A bubbly new year...for less!

As France's champagne producers have endlessly reminded us, to be a true champagne, a sparkling wine must originate in the Champagne region of France. Unfortunately, "real" champagne doesn't come cheap, and the inflated dollar has driven the price up even further. On the bright side, even if you don't want to spend a small fortune on carbonated wine from France, there are numerous other options for welcoming the New Year. With that in mind, here are a few suggestions for the perfect drink for beginning a fun and thrifty 2009!

Prosecco: A dry, carbonated Italian wine, Prosecco combines the fizz of champagne with the fresher flavors of summer. With its clear overtones of melon, lemon, almonds, and honey, it offers a bright, sunny taste that contrasts nicely with falling temperatures. Best of all, it is not nearly as well known as champagne, which translates into a lot more holiday cheer for a lot less money.

Lambic: Although officially a beer, lambics use natural yeasts to produce a clean, slightly tart flavor that is far more reminiscent of wine. While basic lambics have a rich, exciting taste, the ones flavored with fruits are far more intense and festive. Regardless of whether you choose raspberry, peach, blackcurrent or cherry, it is sort of like a slightly more sophisticated Kier Royale. Best of all, at under $10 per bottle, it is a delicious and reasonably priced tipple!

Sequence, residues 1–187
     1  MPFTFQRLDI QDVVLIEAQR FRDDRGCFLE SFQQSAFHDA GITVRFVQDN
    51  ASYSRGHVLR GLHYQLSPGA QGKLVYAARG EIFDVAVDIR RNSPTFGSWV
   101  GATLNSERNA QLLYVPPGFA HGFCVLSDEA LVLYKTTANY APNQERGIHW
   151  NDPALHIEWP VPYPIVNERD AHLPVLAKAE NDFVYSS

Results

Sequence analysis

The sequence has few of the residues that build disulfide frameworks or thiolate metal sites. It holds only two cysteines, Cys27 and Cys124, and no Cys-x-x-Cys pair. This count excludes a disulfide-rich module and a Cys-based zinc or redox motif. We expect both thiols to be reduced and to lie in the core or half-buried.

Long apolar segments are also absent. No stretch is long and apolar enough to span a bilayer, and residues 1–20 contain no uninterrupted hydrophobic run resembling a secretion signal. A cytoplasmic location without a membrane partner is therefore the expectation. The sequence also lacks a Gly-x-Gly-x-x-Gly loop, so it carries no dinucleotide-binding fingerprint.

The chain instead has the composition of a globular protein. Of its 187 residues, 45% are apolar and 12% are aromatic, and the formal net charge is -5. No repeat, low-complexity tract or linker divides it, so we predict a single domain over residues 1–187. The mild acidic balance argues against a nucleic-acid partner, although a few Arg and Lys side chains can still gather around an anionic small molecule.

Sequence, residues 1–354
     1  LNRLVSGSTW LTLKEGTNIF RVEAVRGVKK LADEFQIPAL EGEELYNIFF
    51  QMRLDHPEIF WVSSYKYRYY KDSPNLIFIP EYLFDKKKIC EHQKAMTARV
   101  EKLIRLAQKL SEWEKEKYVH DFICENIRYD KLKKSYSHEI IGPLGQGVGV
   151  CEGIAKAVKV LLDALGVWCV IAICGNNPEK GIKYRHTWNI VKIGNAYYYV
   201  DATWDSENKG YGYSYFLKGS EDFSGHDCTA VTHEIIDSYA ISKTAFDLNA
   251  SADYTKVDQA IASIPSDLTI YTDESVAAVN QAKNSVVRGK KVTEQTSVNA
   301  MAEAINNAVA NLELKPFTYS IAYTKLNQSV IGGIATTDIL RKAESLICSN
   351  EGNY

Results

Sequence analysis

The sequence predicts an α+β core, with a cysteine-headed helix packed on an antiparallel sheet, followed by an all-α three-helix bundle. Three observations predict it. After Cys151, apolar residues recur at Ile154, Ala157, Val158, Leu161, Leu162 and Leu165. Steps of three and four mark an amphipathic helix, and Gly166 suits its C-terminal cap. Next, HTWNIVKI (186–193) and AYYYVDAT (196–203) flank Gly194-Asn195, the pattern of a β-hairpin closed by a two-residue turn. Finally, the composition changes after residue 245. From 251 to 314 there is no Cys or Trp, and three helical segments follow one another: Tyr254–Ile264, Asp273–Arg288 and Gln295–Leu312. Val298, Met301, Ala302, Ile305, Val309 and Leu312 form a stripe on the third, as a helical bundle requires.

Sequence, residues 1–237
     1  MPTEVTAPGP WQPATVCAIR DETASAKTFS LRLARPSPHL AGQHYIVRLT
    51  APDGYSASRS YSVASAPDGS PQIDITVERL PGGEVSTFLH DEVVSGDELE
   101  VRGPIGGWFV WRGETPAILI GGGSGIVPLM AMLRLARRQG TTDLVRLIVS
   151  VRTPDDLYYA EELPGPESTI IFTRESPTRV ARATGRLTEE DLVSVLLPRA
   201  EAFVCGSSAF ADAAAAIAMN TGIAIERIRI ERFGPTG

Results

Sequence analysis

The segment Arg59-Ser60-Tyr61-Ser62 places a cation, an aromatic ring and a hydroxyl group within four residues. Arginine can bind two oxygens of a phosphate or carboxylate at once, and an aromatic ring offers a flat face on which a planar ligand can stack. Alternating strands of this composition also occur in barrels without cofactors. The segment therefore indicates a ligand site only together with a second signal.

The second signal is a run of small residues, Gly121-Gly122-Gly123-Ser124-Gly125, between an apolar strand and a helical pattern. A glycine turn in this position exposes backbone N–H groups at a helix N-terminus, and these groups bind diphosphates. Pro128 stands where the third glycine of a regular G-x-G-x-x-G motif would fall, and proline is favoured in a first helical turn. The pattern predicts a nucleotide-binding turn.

Charmat: The champagne method of fermentation involves a double-fermentation process. The first time is in a vat and the second time is in a bottle. Charmat, by comparison, undergoes a second fermentation in bulk tanks, after which the wine is bottled under pressure. This method, which preserves more delicate flavors, is used for both prosecco and asti wines, as well as numerous other mixes. One, Barefoot Bubbly Brut, costs well under $10, and offers a sweet flavor, not unlike a green apple Jolly Rancher.

"American" Champagne: In a sweet little bit of alcoholic irony, the law that gives French vintners the sole right to use the term "champagne" is part of the Versailles treaty, the peace agreement that ended World War I. The U.S., which made a separate peace with Germany, never felt obliged to adopt French rules regarding the naming of wines. Now, almost a hundred years later, American vintners still reserve the right to call their sparkling wines champagne. Using the "Methode Champenoise" to produce their wines, these American champagnes are much cheaper in price than their French counterparts, yet are often comparable in flavor.

Bruce Watson is a freelance writer, blogger, and all-around cheapskate. He will probably be enjoying the first minutes of 2009 with a glass of Prosecco in his hand. Have a happy New Year!
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